In showbusiness, as in life, timing is everything.
It’s a lesson that 2020 has only magnified for actor-writer Amanda Cordner (BA ’11), who had just finished shooting a film based on a play she created with her high school friend and creative partner David Di Giovanni (MFA ’17), when a pandemic hit.
The pair had been friends since they met at the regional arts program at St. Elizabeth Catholic High School in Thornhill, Ont., but parted ways after graduation: Di Giovanni headed to school in Montreal, and Cordner to pursue her dream of studying theatre at York. They remained close but it wasn’t until Di Giovanni was accepted to York’s MFA Theatre (Directing) program in 2015, that they finally collaborated on an artistic project.
“A month before he came back into town, he asked me if we wanted to create something together,” Cordner recalls. “We’d both been in theatre doing our own respective thing for eight years, him in Montreal, and me in Toronto.” At the time, Di Giovanni presented Cordner with two seemingly contradictory articles that would become the basis of the script for Body So Fluorescent: an editorial piece from Time magazine called, “Dear White Gays: Stop Stealing Black Female Culture”; and the response, “Dear White Gays: Don’t Listen To Time Magazine”.
“Both had pretty sound arguments,” says Cordner. “So we started discussing what the question is that we’re trying to pose, like what happens when one’s expression becomes another’s oppression?” With this in mind, they applied to the Rhubarb Festival at the Buddies in Bad Times Theatre in Toronto, and were accepted to produce an experimental 30-minute piece in one month. As Cordner was working and auditioning—and Di Giovanni completing his master’s—they created the play, which came to life as a one-woman show starring Cordner, and was presented at the Rhubarb Festival in 2016. They’ve since developed it into a one-hour piece, which they’ve toured across Canada and the U.S., and premiered at SummerWorks Performance Festival to critical acclaim in 2018.
“It raises questions about identity,
self-expression, sexuality and race,
and how these all intersect on
the dancefloor in the gay club scene."
“This brings us to this past December,” says Cordner. They applied to the Queer Your Stories short film competition with the Inside Out LGBTQ+ Film Festival and outACTRAto. “And we won!” They were awarded the prize in January and quickly got a production team together to shoot the film over three days on the last weekend in February. It’s set to premiere at the festival in October.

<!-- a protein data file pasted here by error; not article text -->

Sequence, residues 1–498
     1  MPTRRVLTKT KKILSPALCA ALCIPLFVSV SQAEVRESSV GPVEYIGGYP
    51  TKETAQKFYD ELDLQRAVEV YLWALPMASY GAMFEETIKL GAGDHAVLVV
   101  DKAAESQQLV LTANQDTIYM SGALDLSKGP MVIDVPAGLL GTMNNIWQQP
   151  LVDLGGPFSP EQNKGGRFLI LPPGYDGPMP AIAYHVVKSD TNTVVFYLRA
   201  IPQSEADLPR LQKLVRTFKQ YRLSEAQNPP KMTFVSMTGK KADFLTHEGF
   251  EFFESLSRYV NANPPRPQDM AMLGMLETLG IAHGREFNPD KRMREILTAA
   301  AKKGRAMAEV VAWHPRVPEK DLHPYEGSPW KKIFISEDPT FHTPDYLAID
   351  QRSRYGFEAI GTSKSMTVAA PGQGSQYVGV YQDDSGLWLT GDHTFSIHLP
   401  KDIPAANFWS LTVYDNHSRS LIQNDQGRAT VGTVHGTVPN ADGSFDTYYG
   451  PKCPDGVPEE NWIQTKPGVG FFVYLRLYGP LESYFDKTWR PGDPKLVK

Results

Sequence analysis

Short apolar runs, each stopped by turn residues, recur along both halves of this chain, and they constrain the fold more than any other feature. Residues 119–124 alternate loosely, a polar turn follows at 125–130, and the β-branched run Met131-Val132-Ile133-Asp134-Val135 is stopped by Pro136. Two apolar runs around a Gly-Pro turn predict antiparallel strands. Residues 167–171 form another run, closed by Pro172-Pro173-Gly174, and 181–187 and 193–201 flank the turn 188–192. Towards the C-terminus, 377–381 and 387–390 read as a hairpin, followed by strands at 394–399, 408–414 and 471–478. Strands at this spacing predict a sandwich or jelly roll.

The film, which differs slightly from the stage production, begins with two friends getting ready for a night out at a club, and quickly unravels to reveal a deeper conversation about appropriation of Black culture. “It raises questions about identity, self-expression, sexuality and race, and how these all intersect on the dancefloor in the gay club scene,” says Cordner.
It also shines a light on internalized racism and homophobia. “David and I talked about our own experiences—him as a gay man, me as a Black woman—and [what it means] to be a Black woman in the gay club scene.”
Though they had been close friends for years, Cordner shares that Di Giovanni admitted he had never understood the microaggressions and unconscious bias she experiences as a Black woman until he witnessed it firsthand while touring the show to different cities. “It has been difficult getting produced in Toronto, our hometown,” she says about trying to pitch the show to different theatre companies. “No one got back to us.”
“But when we do show this piece, the people that we encounter will say, ‘Oh my gosh, I’ve never thought of it this way.’ And this piece is not to point fingers, it’s not to call anybody out. It’s to ask a very specific question and engage people in conversation. [To] ask yourself, ‘Where do you see yourself in this?’”
Toronto’s b current theatre company was set to produce the stage production in November, however the team is currently working on a way to present the show in a digital capacity, due to the COVID-19 pandemic. “Timing in this life is always out of our control,” says Cordner.
This has never been truer in light of the recent protests and reckoning in support of the Black Lives Matter movement. In late May, Cordner and the film’s creative team launched a fundraiser to complete post-production when news of the tragic death of George Floyd in Minneapolis sparked a massive outcry around the world.
“Everybody started asking, ‘How can I support Black people’s work? What can I do?’” says Cordner. “I think it’s even more perfect to release this film at this time, because people are ready to see it.”